As long as the church views the gospel commission as only a numbers game, the grain gathered in will be blighted. The harvest will be brought in, chewed up, swallowed and processed-through without bringing meaning or sustenance to humanity. The hundreds-in-a-day converts, our fellow members, and our youth and children will go out the door as quickly as they came in.
Replanting and repurposing
At the end of this discussion, I am just a desperate and frustrated mother crying out for crumbs from my church’s table. Find a way; don’t look away. Share the blessings. Give my millennials, their friends, and these youngest generations more than the scraps of our focus and attention. Listen to their needs and questions with the same commitment given to printing harvest banners and pulp paper Great Controversys bound for the recycling bins of our cities.
This is not meant to devalue the significant investment and time Adventists devote to children’s programs and to our educational system. But it is telling to see the challenges these programs face now as families and economies change. Dispatching funds and programs without considering reality and relevance is casting seed without first examining the condition and state of the soil.
Ultimately, what needs doing does not require much financing, elaborate plans, or campaigns—just a listening ear. Patience and tolerance proves we value and respect our young people (and all people!) and what matters so much to them.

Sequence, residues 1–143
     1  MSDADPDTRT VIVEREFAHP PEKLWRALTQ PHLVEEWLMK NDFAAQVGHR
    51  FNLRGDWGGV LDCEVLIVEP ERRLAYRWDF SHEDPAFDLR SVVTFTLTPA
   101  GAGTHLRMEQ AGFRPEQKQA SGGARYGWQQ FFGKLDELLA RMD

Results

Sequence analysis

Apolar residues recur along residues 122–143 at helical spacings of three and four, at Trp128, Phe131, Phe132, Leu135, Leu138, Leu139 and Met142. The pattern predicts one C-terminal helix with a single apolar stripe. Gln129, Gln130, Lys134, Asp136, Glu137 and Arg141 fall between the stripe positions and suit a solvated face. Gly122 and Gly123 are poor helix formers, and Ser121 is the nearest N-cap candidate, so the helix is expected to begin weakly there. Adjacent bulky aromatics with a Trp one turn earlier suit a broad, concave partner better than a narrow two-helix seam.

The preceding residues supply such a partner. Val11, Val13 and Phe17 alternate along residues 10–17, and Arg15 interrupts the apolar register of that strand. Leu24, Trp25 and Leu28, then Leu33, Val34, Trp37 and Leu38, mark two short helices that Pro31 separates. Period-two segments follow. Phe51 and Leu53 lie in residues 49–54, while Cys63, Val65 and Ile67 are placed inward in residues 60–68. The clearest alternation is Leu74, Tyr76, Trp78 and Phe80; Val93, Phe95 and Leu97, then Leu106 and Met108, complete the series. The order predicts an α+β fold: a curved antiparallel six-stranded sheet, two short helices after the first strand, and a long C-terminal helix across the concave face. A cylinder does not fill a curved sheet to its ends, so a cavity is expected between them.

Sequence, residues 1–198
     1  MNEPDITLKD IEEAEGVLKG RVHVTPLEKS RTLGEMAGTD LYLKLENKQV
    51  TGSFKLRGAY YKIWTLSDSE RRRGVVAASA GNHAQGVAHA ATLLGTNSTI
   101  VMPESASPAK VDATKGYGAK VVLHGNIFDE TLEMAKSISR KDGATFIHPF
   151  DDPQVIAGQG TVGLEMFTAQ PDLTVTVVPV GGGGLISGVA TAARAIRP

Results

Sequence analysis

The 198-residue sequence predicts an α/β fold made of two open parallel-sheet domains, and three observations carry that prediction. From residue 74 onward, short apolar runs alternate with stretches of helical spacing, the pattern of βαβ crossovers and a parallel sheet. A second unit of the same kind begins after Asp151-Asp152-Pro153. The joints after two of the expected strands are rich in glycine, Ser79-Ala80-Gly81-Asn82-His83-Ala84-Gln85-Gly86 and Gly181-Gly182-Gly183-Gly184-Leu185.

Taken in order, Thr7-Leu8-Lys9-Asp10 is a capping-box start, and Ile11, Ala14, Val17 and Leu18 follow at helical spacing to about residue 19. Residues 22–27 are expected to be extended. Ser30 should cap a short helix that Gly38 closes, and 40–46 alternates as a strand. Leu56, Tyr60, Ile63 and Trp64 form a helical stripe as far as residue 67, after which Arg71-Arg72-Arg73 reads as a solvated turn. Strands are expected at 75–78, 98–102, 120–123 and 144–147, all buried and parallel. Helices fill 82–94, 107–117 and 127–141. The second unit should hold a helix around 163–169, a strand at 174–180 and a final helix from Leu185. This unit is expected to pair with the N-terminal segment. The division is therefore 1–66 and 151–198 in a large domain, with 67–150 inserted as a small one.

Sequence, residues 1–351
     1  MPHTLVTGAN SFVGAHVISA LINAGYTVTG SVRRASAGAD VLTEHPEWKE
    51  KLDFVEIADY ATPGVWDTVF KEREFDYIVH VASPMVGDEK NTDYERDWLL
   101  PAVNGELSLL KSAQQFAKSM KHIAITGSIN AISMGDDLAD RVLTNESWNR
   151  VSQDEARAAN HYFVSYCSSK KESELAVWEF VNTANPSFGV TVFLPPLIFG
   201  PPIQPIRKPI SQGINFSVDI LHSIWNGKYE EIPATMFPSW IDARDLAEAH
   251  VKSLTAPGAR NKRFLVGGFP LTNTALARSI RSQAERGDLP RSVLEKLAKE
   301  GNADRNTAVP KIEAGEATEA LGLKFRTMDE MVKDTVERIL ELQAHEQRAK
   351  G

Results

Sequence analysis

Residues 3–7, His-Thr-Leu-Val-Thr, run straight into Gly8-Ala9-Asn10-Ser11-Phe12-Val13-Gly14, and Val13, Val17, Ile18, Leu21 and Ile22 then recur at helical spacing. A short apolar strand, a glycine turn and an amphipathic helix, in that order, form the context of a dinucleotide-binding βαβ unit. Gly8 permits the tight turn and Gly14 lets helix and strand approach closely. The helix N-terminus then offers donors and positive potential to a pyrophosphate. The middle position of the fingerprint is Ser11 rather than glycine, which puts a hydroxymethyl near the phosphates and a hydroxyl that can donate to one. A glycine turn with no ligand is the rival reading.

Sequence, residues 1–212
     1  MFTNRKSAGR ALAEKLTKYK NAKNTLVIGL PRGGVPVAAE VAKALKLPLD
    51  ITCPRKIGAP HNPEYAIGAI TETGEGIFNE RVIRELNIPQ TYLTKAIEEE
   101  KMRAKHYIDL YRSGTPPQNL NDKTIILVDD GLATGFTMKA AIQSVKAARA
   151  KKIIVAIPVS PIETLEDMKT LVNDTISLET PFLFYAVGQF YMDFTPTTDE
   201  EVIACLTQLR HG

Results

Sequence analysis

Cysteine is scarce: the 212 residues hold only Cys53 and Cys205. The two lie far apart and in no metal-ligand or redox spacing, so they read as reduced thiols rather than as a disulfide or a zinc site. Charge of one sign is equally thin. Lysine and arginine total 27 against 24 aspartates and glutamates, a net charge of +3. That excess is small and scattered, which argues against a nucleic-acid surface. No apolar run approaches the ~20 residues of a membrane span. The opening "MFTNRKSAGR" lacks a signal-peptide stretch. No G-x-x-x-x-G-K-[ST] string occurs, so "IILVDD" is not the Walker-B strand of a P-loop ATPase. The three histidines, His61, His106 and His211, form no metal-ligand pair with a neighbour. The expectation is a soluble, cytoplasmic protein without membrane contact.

Whatever we may think about their theology, political alignment, sexuality, or reputation, we must invest and care the way Jesus cared about the Samaritan woman. She personified these exact same concerns to the religious community. Jesus knew them all and cared and listened anyway.
I’m not asking the church to save our young people—that is Jesus’s job. I’m asking the church to become a safe and welcoming place for them to exist, learn, grow, and worship. None of this can happen unless it first becomes a place where they can come as they are, and ask honest questions, a place that cares more about a hurting world than it cares about keeping count.
Shelley Curtis Weaver lives in coastal Washington state. She is a clay-artist, writer, wife, mother, grandmother, and a frequenter of Columbia River crossings. She has edited and contributed to The Journey to Wholeness Addiction Recovery curriculum from Advent Source.